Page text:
We are overexposed to sugar, so the likelihood of cutting all sweets cold turkey is slim to none. Thankfully we have other options that deliver the sweet but require some recipe adjustments.
First, know what “sugar free” means. Food manufacturers can claim that a product is sugar free if it contains less than 1g of sugar per serving. One gram of sugar is 1/4 teaspoon. At that small of an amount, your blood sugar will likely not be affected, however, it’s still important to know.
This list is not all inclusive, but it’s the basics. If you’re a baker, then explore one of these alternatives so that you can continue to bake and eat during this time. If you only use sugar in your coffee, maybe consider one of these lower glycemic options, or just make sure that you’re enjoying your coffee with foods that will help stabilize your blood sugar like fats and proteins.
The vast majority of sugar that we consume is in products that are already made. So if you eat a lot of granola, cereal, junk food snacks, store-bought desserts, etc., you should find healthier options at a health food store or consider making them yourself using one of the sweeteners below.
Alternative Sugars & What To Avoid
Molasses, maple syrup (unless sugar free), date sugar, beet sugar and honey all effect blood sugar the same (with slight variation). These should be avoided if possible.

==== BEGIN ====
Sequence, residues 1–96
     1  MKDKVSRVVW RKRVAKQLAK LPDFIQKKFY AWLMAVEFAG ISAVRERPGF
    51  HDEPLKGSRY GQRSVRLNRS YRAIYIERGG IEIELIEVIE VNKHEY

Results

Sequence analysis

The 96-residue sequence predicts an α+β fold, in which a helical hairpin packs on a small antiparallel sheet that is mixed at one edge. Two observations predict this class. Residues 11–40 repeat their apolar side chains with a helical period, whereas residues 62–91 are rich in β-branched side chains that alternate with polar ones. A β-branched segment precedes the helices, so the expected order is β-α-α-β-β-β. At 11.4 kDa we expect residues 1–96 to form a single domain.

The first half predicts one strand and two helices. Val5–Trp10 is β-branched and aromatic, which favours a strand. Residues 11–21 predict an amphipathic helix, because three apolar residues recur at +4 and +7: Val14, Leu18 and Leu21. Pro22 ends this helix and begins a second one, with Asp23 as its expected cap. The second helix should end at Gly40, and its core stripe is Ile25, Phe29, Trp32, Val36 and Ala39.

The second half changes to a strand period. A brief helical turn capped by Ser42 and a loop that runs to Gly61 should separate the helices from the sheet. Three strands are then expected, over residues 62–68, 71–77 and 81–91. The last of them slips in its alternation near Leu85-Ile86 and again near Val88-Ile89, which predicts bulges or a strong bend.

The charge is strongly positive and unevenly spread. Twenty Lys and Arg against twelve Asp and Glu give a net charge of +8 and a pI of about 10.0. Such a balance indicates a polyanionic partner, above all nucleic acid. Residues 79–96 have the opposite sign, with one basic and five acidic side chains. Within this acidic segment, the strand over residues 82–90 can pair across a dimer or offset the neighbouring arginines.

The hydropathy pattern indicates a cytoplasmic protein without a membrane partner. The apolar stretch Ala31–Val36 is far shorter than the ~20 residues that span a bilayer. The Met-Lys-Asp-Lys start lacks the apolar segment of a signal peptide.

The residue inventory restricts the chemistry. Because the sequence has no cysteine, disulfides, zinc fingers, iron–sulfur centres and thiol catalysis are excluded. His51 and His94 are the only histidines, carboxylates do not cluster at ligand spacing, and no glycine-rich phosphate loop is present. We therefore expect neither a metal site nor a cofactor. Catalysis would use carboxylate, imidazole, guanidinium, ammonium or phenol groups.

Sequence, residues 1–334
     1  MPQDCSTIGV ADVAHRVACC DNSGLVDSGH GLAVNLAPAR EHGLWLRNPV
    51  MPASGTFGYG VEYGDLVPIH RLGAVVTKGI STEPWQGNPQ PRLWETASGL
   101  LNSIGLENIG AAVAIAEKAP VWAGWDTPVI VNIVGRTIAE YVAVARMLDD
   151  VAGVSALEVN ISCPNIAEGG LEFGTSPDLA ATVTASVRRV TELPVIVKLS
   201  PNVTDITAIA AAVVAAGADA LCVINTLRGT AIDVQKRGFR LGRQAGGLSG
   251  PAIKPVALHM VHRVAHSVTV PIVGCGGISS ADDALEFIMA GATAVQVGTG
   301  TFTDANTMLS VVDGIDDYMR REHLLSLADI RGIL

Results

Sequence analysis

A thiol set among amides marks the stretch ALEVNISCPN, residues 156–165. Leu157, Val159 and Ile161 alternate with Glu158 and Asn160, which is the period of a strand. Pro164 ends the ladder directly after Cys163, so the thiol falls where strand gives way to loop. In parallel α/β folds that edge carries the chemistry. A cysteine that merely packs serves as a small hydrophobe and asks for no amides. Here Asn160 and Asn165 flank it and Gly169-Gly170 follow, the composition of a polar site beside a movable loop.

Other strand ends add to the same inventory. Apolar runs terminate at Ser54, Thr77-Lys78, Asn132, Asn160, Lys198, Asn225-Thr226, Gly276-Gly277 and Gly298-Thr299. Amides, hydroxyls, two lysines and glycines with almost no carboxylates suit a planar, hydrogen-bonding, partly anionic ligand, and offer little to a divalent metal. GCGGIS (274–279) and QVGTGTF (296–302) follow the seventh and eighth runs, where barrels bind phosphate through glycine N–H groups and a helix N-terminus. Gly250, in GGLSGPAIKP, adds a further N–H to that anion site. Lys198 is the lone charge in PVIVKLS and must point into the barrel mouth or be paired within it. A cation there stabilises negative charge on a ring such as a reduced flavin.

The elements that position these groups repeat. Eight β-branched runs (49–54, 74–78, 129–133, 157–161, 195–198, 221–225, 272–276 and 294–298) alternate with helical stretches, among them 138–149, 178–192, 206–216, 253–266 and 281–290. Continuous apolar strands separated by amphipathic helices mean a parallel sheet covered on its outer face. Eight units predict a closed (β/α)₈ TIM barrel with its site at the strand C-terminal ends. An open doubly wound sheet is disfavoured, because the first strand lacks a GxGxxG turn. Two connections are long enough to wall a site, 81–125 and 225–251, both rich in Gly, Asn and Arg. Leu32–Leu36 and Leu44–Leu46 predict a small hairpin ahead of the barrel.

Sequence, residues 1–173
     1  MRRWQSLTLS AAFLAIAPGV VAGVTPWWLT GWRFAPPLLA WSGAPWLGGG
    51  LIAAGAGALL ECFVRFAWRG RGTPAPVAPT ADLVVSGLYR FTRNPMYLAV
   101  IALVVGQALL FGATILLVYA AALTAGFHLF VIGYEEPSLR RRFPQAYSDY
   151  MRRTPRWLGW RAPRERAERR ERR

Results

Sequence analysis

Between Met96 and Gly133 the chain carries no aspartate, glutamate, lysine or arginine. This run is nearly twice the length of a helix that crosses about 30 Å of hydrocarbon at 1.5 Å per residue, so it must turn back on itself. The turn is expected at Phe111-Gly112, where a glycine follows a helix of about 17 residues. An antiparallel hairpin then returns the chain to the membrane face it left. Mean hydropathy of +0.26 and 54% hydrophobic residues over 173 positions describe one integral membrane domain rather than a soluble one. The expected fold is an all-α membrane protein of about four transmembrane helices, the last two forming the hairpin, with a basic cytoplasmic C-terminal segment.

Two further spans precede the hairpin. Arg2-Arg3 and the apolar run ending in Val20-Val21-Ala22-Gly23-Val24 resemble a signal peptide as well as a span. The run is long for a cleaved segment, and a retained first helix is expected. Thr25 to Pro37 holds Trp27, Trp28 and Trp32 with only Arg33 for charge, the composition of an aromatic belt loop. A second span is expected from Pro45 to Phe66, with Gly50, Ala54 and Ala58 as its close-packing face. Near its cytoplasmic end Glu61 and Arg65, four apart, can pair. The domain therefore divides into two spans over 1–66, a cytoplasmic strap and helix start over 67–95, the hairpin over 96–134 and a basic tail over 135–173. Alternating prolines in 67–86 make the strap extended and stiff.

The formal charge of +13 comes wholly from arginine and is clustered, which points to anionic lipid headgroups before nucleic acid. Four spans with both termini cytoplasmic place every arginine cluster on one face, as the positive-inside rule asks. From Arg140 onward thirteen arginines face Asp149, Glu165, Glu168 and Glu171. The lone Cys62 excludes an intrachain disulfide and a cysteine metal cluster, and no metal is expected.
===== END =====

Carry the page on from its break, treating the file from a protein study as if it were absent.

Raw honey (preferably from local beekeeper) and coconut sugar are better options since they have about half of the affect (glycemic index) that table sugar has.
Agave is a personal favorite. It has one-fourth the affect (glycemic index) that table sugar does, and two different tastes. The light syrup has a mild honey taste and the dark tastes similar to dark brown sugar. But since it’s a liquid, you can’t just substitute it for sugar when baking. (Sugar provides stability and structure in baked goods, and it absorbs moisture. Agave cannot perform these functions.)
Then there are sweeteners that have ZERO effect like Stevia and Monkfruit. These are natural sweeteners and you can find them at your local health food store or online. These have distinct tastes and they don’t always measure one-for-one to replace sugar. Most alternative sweeteners have conversion charts on their packaging. The baking isle has a few options like Truvia, and health stores have more options and brands.
Erythritol and Xylitol are commonly known sugar alcohols (artificial sweeteners) that also claim to have zero affect on blood sugar. Be aware that some people are affected by sugar alcohols like these. You won’t know until you test your blood sugar, so in every case it’s better to use a natural sweetener over a sugar alcohol.